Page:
I’m here again, honoring the commitment I made to myself a year ago that I would take a quarterly solo retreat. This is a practice that was modeled to me growing up. My dad would take a day off work go to a monastery up in British Columbia. I remember him assembling his journal and prayer books and how “more himself” he seemed when he came home. I’ve been doing this for years, but very sporadically. This whole “once a quarter” business is a factor of several things—no babies, a flexible job, a husband whose firefighting schedule allows him to be home for a few days in a row, and finding the perfect set-up—a location that’s close to home but feels far away (read more about this place here).

Even so, there’s hesitation when I’m packing the car and leaving notes for the kids. I feel guilty that I won’t be home for a basketball or volleyball game. I rehearse the script about how many people don’t have this luxury or about how retreating from the world won’t save it. I’m nervous about leaving all my distractions behind. Those distractions are comforting, and mask an inner restlessness I’d prefer not to face. Every time, leaving is a counter-cultural act.

I do it to remember I have a soul instead of being clenched in what one poet calls “the fist of survival.” I do it to be bored, quiet, and alone. I do it to have a break from stimuli of all sorts—traffic, emails, texts, social media, doing favors for people, taking care of my family, letting the dog out, helping clients, making plans, comparing myself, or judging myself for not deep-cleaning the bathrooms or remembering to send canned goods for the food drive. All of that is SO LOUD sometimes!

Some of us are naturally more contemplative than others, so the struggle to leave is felt with varied intensity. If you’re an Enneagram TWO, leaving town will be Herculean and a sign of major growth. If you’re a FIVE, maybe you need to stay just for 2 nights instead of 10. (You’re welcome, Enneagram lovers. I’m sorry, everyone else.) Wherever you are in your personality or life stage, though, there’s hardly any practice I’d endorse more.

So if you’re open to the idea, if you sort of get the “why,” maybe the harder part is the “how.” What follows are a few highly subjective tips for the seeker in you who’s curious.

Find a place that’s inspiring and easy to get to. Before I had this rhythm, this was always a huge barrier. David Lynch talks about how artists need the “set-up” that will enable them to walk into their studio and get to work. That’s how I think of this. Maybe it’s a friend’s garden shed, a retreat center, a hotel, a tent. So many options depending on your aesthetic and budget.

Talk to a wise guide while you’re away. I see my spiritual director while I’m here, which is easy since she lives on and maintains this property. But maybe you can talk with a therapist or coach on the phone. It’s so transformative to have this kind of help and input in our lives, especially when silence has primed us for it. I bring in my journal, snippets of books, things I’m happy, sad, or confused about, and we make a tapestry of them together.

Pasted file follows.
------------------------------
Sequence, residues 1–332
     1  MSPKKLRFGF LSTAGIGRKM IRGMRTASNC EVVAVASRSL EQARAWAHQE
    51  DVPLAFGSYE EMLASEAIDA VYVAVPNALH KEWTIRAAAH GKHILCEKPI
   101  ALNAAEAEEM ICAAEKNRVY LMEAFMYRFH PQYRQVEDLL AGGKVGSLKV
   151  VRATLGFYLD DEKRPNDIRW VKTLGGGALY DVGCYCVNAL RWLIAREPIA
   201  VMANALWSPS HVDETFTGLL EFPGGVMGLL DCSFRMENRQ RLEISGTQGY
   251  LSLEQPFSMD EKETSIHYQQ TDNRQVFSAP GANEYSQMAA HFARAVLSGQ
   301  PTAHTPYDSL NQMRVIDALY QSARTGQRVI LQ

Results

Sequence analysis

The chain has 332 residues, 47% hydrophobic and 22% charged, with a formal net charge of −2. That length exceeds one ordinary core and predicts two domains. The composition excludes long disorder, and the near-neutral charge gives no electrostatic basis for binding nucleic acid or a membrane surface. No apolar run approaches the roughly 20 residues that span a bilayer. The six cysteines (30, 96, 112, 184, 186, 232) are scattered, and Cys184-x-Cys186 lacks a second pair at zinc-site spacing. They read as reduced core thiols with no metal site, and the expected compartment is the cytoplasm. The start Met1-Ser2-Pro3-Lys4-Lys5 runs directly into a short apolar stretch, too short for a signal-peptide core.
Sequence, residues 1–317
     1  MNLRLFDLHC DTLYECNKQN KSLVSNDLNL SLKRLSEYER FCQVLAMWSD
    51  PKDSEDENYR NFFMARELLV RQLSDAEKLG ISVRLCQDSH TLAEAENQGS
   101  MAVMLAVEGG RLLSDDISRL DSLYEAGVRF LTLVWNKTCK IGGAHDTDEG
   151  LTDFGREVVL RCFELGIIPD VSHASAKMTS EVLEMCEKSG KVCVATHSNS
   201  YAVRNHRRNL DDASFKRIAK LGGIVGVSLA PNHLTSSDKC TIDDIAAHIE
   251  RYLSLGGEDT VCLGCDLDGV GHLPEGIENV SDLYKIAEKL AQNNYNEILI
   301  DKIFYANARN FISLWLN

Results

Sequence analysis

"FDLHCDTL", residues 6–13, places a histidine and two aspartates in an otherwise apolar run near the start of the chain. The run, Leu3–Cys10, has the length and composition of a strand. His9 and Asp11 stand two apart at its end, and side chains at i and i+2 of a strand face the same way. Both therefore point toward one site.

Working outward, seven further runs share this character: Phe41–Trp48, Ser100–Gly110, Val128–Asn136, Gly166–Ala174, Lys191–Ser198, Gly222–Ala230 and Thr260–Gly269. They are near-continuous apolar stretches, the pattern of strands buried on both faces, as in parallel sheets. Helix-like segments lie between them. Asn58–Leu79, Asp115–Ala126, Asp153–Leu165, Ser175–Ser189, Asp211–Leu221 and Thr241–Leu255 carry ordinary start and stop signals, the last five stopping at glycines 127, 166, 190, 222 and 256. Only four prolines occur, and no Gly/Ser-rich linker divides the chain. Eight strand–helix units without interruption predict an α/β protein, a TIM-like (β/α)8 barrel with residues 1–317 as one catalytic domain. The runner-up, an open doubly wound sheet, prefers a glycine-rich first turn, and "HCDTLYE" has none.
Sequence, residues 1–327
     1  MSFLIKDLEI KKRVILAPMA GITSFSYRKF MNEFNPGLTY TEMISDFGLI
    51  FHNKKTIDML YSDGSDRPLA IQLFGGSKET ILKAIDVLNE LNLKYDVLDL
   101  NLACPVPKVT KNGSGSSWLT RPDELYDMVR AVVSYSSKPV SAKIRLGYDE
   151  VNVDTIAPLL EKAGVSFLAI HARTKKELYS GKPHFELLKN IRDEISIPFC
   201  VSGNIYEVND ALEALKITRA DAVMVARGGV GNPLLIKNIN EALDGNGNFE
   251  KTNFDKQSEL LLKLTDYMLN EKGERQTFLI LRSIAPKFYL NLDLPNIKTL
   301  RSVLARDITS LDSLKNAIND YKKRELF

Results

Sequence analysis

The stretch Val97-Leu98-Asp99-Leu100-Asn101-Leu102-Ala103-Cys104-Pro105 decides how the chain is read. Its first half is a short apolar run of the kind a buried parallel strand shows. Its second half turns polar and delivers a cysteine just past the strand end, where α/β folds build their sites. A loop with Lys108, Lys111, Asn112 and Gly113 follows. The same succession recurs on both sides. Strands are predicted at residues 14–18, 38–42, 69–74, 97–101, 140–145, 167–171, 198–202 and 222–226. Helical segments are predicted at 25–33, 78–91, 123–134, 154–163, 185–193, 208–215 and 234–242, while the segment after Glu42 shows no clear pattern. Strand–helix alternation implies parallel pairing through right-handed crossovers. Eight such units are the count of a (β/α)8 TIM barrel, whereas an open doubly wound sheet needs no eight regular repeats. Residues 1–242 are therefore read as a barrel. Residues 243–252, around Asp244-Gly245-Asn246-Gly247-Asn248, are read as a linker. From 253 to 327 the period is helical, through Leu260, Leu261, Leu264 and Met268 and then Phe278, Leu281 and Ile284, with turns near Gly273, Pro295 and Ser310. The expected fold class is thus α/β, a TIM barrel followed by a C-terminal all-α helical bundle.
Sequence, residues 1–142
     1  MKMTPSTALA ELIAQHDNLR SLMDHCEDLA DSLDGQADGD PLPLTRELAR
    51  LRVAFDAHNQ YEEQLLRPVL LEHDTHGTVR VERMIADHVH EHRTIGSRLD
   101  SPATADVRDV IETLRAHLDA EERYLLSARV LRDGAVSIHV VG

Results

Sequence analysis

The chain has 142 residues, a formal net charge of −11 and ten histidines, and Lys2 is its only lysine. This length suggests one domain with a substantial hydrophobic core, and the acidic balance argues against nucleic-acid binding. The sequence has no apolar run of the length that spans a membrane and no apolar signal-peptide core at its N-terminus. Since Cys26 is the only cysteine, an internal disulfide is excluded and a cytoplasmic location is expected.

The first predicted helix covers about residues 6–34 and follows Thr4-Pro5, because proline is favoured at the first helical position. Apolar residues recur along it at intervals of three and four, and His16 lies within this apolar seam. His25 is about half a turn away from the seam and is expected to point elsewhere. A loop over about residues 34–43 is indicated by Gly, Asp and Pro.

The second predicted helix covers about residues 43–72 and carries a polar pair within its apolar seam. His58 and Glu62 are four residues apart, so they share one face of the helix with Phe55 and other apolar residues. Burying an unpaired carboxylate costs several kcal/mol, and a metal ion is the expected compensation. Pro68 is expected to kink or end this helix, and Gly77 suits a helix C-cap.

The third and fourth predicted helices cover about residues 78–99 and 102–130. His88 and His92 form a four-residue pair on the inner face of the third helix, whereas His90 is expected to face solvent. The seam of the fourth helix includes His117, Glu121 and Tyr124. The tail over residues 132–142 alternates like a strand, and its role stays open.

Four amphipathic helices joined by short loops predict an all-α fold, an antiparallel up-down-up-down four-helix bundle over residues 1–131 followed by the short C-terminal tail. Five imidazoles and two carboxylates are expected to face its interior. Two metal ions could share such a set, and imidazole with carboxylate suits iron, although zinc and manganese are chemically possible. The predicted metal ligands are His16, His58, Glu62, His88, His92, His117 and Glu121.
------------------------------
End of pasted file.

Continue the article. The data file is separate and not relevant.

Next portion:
Bring a journal. I’m with Natalie Goldberg and Naomi Shahib-Nye and so many others on this one—no one ever felt worse about something by writing it down! Don’t worry about being profound or readable. Just start moving your hand across the page. Also, I usually bring an archived journal or two so I can get up on the balcony of my life and see what’s been brewing on the dance floor.

Assemble a collection of creative and meditative aids. It’s comical in my case. I haul so many things out here. I’ve got cookbooks, Enneagram, spirituality, and coloring books, poetry, novels, Tarot cards, stationary, watercolors. It’s always interesting to see what I feel like pulling out.

Bring simple, nourishing food. If you go to a retreat center with a dining hall, that can be very wonderful. I like to make my own food. For breakfast, I bring yogurt, fruit, bread and butter, eggs, coffee. For lunch and dinners, things to assemble rice bowls and salads—greens, cooked brown rice or quinoa, black beans, roasted yams, sharp cheddar, avocado, chiles. Cheese, crackers, pickles, and a chocolate bar for snacks.

Expect to be antsy. You may think of a million reasons to return to your life. You may look deep and be dismayed to find not much there. You may be forced to sit with sadness, uncertainty, boredom, or fear. Wonderful! If being on devices will be a temptation for you, don’t bring them. Embrace the emptiness, though you may hate every minute of it.

Stay at least two nights. I’ve learned over time that one night isn’t enough. Those first 12-18 hours are a detox, and the next day is where the good stuff happens. I’m finally settled into myself, ready to receive.

The late David Daniels, Enneagram teacher, said, “To make a difference in our world, for our planet, we need to begin by making a difference in ourselves. We so need to be able to do this simple work of getting honest, getting present, and becoming more responsibly conscious…our hope for the future depends on [this] ability.”

Thanks for reading, friends. Here’s to the evolution of consciousness!